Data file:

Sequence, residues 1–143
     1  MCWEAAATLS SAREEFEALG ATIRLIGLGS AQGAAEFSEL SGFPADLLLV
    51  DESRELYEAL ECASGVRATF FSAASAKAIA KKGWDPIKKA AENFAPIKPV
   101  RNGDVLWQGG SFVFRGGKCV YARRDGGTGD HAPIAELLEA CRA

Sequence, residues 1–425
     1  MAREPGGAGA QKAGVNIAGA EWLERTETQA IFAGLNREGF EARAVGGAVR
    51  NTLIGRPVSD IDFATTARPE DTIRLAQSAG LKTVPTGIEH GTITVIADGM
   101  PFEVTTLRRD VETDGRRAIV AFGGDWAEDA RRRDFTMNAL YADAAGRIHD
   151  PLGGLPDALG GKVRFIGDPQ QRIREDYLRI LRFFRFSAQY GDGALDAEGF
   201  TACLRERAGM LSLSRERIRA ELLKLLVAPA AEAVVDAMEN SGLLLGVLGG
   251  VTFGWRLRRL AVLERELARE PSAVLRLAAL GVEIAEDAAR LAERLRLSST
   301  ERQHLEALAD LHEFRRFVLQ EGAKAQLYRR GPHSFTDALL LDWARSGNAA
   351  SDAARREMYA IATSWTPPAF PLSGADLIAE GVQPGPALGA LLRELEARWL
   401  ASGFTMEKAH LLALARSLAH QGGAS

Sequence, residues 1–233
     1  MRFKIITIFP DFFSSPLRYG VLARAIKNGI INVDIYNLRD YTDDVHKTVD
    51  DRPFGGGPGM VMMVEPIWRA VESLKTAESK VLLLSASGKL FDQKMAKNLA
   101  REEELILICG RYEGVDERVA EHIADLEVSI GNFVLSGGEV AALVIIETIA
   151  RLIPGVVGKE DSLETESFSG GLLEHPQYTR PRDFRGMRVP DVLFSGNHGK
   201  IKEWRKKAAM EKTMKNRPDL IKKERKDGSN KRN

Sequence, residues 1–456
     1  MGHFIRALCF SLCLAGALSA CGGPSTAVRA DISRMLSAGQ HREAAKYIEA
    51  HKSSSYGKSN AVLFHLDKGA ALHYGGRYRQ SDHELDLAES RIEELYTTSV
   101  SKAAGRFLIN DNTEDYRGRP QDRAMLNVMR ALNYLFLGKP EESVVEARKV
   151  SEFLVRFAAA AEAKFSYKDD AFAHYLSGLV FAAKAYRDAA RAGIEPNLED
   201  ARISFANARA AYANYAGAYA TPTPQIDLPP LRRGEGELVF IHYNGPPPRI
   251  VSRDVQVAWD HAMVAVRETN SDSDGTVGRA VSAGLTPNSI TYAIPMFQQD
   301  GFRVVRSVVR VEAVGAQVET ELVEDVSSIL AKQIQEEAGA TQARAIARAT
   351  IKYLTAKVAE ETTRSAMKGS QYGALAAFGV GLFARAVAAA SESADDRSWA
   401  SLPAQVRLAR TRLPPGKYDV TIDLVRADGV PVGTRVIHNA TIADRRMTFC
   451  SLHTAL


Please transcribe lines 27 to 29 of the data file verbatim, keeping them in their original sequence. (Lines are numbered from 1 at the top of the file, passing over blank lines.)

   251  VSRDVQVAWD HAMVAVRETN SDSDGTVGRA VSAGLTPNSI TYAIPMFQQD
   301  GFRVVRSVVR VEAVGAQVET ELVEDVSSIL AKQIQEEAGA TQARAIARAT
   351  IKYLTAKVAE ETTRSAMKGS QYGALAAFGV GLFARAVAAA SESADDRSWA